- The employee gets 30% or more hours paid within one calendar year than has been contractually agreed for that year;
- The employee receives unemployment benefit due to loss of working hours, or loss of income at the employer within one year after the commencement of the employment relationship;
- The employee gets unemployment benefit, while within a maximum of one year earlier the low contribution has been reviewed for the same employer, because the same employee received unemployment benefit on the basis of the same employment relationship within one year after the commencement of this employment relationship.
The review situations 1 and 2 will come into effect on 1 January 2020. The review situations 3 and 4 will follow later, at a time that is still unknown.
The difference between the high and the low contribution
The difference between the high and the low contribution is recorded at five percentage points. Therefore: if the low contribution is 3%, the high contribution will be 8%. The government deems a fixed difference stable and predictable, simple to communicate and not dependent on economic trends. The amount of the contributions will be determined each year.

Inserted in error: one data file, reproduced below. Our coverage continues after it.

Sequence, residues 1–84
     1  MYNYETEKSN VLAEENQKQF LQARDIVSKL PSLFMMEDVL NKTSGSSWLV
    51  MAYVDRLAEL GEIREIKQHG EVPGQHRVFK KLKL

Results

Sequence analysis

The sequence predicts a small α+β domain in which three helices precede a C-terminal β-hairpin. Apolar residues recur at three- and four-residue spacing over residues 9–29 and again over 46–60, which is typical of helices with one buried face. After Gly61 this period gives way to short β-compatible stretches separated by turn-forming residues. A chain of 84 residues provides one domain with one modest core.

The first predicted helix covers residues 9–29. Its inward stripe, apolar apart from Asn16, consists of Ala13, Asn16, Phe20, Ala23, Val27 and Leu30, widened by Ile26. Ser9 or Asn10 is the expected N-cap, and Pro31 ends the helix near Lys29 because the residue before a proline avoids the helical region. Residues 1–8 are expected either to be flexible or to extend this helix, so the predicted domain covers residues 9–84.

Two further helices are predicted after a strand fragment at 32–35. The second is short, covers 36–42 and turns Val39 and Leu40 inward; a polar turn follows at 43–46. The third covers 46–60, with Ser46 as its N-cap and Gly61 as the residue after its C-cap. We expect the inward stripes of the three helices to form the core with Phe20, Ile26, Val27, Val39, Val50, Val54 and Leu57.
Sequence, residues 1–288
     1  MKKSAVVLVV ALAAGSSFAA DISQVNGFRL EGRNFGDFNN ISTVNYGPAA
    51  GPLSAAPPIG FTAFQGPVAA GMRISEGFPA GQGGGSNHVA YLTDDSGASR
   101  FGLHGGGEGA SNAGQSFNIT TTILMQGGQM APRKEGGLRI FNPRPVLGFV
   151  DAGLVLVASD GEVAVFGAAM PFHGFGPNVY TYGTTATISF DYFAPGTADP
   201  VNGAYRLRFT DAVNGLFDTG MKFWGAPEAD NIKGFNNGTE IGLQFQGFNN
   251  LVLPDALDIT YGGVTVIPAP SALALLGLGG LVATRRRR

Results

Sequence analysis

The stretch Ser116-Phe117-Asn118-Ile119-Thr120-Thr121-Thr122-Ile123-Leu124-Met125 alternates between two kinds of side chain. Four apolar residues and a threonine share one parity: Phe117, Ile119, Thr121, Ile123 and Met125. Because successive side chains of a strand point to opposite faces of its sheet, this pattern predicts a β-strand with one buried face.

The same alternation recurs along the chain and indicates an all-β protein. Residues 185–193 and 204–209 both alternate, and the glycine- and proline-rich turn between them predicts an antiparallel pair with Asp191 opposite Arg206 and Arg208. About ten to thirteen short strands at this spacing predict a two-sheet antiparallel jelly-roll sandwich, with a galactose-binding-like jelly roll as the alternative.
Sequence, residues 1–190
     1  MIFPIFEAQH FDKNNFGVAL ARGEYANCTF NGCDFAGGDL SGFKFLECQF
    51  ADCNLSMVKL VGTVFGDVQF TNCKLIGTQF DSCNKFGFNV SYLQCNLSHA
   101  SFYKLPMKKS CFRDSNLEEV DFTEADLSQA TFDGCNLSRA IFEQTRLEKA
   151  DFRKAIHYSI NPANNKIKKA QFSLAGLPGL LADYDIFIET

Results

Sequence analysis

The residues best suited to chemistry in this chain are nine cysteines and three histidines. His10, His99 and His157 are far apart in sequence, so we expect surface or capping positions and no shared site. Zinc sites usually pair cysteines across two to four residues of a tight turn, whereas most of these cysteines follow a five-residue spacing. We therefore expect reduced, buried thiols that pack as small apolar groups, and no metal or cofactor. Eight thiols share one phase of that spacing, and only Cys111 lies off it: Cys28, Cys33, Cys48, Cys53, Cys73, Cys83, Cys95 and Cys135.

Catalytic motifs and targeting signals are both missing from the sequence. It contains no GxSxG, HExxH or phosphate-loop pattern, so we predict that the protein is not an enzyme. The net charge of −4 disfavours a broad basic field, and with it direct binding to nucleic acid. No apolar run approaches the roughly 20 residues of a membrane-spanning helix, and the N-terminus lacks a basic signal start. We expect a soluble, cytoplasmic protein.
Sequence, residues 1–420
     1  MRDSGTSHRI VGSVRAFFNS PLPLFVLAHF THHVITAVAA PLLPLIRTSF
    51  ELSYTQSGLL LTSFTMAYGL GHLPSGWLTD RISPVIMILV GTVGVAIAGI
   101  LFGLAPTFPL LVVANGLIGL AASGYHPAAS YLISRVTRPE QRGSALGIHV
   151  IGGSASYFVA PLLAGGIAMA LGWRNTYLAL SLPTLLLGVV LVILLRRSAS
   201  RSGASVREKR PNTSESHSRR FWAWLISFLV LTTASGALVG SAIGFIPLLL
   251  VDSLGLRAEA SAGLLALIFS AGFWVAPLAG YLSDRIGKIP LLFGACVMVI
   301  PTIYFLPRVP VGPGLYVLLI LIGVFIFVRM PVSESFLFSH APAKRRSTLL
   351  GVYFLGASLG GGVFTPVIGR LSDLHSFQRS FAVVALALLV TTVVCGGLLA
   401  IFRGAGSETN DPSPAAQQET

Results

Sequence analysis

Statement on the payslip
The government will also create the obligation to state on the payslip whether the employment relationship is entered into for an indefinite period of time, or whether there is an on-call contract (inter alia zero hours contracts and 'min-max' contracts). This proposal has two objectives: to make the nature of the employment contract transparent for the employee and to encourage the enforceability of the new contribution system.
Enforcement and sanctions
The Employment Insurance Agency and the Tax and Customs Administration will supervise fraud in the case of a payment of social insurance contributions that is too low. The payslip in particular plays an important role in this. The Employment Insurance Agency and the Tax and Customs Administration will also exchange more data with each other. If the Tax and Customs Administration can demonstrate that there is gross negligence or intent, a negligence penalty can be imposed on the employer. In the event of gross negligence a financial penalty of 25% can be imposed. In the event of intent a financial penalty of 50% of the contribution not paid, or paid late, can be imposed. In the event of breaches with aggravating circumstances such as more severe penalties in the event of intent, the financial penalty can be doubled to a maximum of 100%. In coordination with the Public Prosecutor, criminal prosecution can also be proceeded with.
In addition to the sectoral contribution for unemployment insurance, the contributions under the Sickness Benefits Act and the Return to Work (Partially Disabled) Regulations for publicly insured small and medium-sized employers are also (partially) differentiated by sector. A new system of premium differentiation for the Sickness Benefits Act and Return to Work (Partially Disabled) Regulations will follow. Having regard to the fact this means a significant adjustment of the Employment Insurance Agency systems, this cannot be achieved before 2020.